Laugh and Live

Chances are you might have come across Xaid Film videos many times and shared a laugh too. Saima Bhat meets the brain behind these funny videos to tell his story

Xaid Kashmiri

At 18 this Pampore teenager is already a star of sorts among entertainment deficient young Kashmiris. His homemade videos, some 70 of them, are based on a simple theme: Asiv te lasiv (laugh and live). But instead of using his real name on his videos he goes by his nom de plume: Xaid Kashmiri.

Xaid Kashmiri is no ordinary teenager with an appetite for technology and humour, he has a proper following on social media platforms like Facebook and Whatsapp. “I feel 25 years of conflict has left us sad. We need to look for reasons to smile,” says Xaid.

Since 2012, in order to bring that smile on the faces of people, Xaid is making ‘funny’ animated videos in chaste Kashmiri using a microphone, a personal computer, his cell-phone and a few voice modulation software.

“I first shared my video amongst my friends, who in turn shared it with their friends,” says Xaid.

Three years and some 70 videos later Xaid has grown as an artist. His company, Xaid Films, now has a dedicated Facebook fan page which has been liked by some 30 thousand people, mostly young Kashmiris. “There is an interesting story behind this Facebook fan page,” says Xaid.

The first phone call Xaid received appreciating his work was from an ‘unknown’ person. “The caller told me that his mother is fighting the last stage of brain tumour. And the only time she smiles or laughs is when I show her your videos,” recalls Xaid. “He told me that she is otherwise in immense pain.”

The same unknown person later registered his Facebook page and he is the one who is operating it since. “That first phone call made me take my work more seriously,” says Xaid.

Xaid’s journey with stories and animation started when he was in 6th standard. “Unlike my classmates and friends, when I was a kid, I used to draw my stories instead of writing them,” says Xaid.

Xaid would make a graphical representation of the different scene with the help of a pen and paper.

In 2012, after appearing in class 10th examination Xaid made his first video, a short story that made fun of living through energy deficit Kashmir winters. “I shared that video with my friends just to show them my work. And they liked it and further shared it amongst their friends. That is how it became part of a chain,” says Xaid.

A few days later, one of the Xaid’s relatives shared a “very funny” video with him. “I was shocked to see my own creation being circulated and shared,” says Xaid.

But instead of telling his relatives that he has made it, Xaid preferred to remain anonymous and enjoy.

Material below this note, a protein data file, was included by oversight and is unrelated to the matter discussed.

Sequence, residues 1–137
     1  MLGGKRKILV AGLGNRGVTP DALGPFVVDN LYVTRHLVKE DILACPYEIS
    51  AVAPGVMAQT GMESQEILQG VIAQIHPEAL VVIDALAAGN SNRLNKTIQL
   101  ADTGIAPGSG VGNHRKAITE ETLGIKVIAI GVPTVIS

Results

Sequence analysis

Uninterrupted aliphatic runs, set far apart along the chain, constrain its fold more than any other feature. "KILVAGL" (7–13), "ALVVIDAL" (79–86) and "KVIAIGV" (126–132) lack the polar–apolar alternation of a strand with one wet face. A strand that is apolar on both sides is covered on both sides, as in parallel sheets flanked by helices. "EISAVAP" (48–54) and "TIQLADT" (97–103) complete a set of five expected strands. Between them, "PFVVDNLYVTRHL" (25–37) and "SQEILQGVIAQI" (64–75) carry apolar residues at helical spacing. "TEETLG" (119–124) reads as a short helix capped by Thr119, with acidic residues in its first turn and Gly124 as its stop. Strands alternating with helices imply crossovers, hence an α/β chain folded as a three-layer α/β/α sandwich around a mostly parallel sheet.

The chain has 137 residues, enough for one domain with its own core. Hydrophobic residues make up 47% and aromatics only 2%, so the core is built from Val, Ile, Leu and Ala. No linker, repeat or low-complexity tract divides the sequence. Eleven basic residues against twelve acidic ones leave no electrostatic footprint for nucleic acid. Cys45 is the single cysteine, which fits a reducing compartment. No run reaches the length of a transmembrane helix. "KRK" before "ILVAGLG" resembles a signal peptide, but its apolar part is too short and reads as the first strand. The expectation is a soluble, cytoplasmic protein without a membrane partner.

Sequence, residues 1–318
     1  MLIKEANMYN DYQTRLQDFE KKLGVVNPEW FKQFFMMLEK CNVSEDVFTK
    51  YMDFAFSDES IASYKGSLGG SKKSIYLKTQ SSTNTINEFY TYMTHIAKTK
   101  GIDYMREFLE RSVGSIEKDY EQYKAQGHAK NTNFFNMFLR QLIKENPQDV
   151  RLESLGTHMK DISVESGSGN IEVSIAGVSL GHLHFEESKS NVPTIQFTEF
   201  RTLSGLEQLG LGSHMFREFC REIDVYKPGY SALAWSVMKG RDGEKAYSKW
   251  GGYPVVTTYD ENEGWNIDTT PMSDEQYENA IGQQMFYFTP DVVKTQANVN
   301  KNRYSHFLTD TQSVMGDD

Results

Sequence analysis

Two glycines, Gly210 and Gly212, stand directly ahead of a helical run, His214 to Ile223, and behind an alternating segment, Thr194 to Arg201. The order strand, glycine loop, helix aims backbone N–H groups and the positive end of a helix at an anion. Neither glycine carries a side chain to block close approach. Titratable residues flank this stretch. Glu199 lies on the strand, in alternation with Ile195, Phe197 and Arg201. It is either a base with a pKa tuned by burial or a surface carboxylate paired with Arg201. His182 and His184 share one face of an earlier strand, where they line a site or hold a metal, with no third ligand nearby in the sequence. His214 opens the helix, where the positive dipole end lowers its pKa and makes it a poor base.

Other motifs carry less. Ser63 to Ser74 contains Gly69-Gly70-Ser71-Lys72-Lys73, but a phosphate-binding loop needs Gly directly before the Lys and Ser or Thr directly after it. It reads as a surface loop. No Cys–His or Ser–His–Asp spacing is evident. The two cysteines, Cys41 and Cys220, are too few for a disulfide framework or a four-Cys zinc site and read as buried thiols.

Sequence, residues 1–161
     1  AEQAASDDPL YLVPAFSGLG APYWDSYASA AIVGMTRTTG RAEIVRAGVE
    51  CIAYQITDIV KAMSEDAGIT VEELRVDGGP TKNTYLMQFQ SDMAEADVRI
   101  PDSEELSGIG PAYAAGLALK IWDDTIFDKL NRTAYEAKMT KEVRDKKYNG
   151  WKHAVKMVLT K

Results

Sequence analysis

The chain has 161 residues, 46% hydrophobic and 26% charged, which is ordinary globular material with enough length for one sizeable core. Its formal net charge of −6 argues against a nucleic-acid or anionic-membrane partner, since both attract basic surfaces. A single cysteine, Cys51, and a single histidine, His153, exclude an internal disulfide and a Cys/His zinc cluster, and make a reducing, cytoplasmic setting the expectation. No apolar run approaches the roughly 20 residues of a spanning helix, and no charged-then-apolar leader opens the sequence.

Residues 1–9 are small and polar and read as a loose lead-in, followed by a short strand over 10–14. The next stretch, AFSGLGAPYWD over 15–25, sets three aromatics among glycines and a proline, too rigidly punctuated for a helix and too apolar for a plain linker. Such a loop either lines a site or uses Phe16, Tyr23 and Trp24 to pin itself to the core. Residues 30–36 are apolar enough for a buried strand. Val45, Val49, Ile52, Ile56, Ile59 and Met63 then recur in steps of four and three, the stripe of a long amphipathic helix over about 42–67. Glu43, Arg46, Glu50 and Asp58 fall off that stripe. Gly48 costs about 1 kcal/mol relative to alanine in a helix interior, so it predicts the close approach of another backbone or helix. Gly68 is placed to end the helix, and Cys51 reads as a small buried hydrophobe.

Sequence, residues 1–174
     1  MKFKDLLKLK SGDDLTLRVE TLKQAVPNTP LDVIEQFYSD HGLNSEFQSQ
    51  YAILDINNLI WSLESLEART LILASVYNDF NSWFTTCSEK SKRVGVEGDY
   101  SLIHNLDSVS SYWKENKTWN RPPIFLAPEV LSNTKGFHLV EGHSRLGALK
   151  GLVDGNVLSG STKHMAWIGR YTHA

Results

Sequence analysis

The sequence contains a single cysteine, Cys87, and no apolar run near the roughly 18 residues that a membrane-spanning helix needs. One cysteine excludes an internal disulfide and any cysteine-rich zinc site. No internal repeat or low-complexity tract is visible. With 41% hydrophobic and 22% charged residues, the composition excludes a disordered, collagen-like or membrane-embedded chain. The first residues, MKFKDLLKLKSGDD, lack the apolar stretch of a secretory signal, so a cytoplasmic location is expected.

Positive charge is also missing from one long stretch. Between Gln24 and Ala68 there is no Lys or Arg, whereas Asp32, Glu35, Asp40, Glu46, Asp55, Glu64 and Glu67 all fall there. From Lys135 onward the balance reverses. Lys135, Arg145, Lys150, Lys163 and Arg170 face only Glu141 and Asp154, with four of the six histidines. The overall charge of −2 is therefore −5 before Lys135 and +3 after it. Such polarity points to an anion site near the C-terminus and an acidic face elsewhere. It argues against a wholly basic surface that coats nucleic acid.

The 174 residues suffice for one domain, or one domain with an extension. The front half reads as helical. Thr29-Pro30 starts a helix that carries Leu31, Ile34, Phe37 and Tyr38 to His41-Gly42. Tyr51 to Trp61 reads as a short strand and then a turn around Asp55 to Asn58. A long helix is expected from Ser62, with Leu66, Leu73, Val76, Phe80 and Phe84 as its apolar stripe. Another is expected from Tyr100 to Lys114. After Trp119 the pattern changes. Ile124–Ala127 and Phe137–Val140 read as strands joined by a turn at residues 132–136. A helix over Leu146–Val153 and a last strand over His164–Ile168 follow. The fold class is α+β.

Making a funny video, as Xaid likes to call them, is not an easy job. It takes around 20 days to create a single video. It is a curfew-like situation at his house whenever it is a recording day. All production work is being done in his bedroom.

“I don’t have any professional lab. So I do everything manually at home,” says Xaid.

Before recording a new video Xaid goes out to request kids in the area to remain quiet. “I have to shut all the windows and doors to be sure that no unwanted noise is heard in the video,” says Xaid.

That is not the only thing that Xaid has to take care of before putting a video in circulation. He has to get all his videos passed by his mother first. “She acts as my censor board. Nothing goes online without her approval,” says Xaid with a smile.

Xaid insists that making “funny videos” is just a hobby for him and not a career option.

Xaid says he wanted to become an aeronautical or robotic engineer, but being the only child of his parents, he couldn’t go outside the state for studies.

At such a young age Xaid is conscious that it is necessary to preserve the language in order to save Kashmir’s cultural heritage.

Xaid believes that Kashmiri is treated as a second class language in its own land, which is unfortunate. “I make almost all my videos in Kashmiri on purpose. I want the younger generation to stay in touch with our mother tongue,” says Xaid.

Xaid says he doesn’t make videos to earn money. “I don’t charge anything for downloading or watching of his videos,” claims Xaid. “I want to share happiness for free. Every single smile is my desire.”

Xaid’s latest video titled: yeith wawakh tueith lonakh (as you sow so shall you reap), was the biggest hit. It was themed around increased incidents of burglary in his locality. “Real life incidents always help me in weaving my graphical stories,” says Xaid.

During 2014 parliament elections Xaid was approached by many political parties. They wanted him to make same kind of funny videos, however, loaded with their political messages. “I refused to work for any politician. My art is for common masses,” says Xaid.

For this youngster making people smile is more satisfying than making money.

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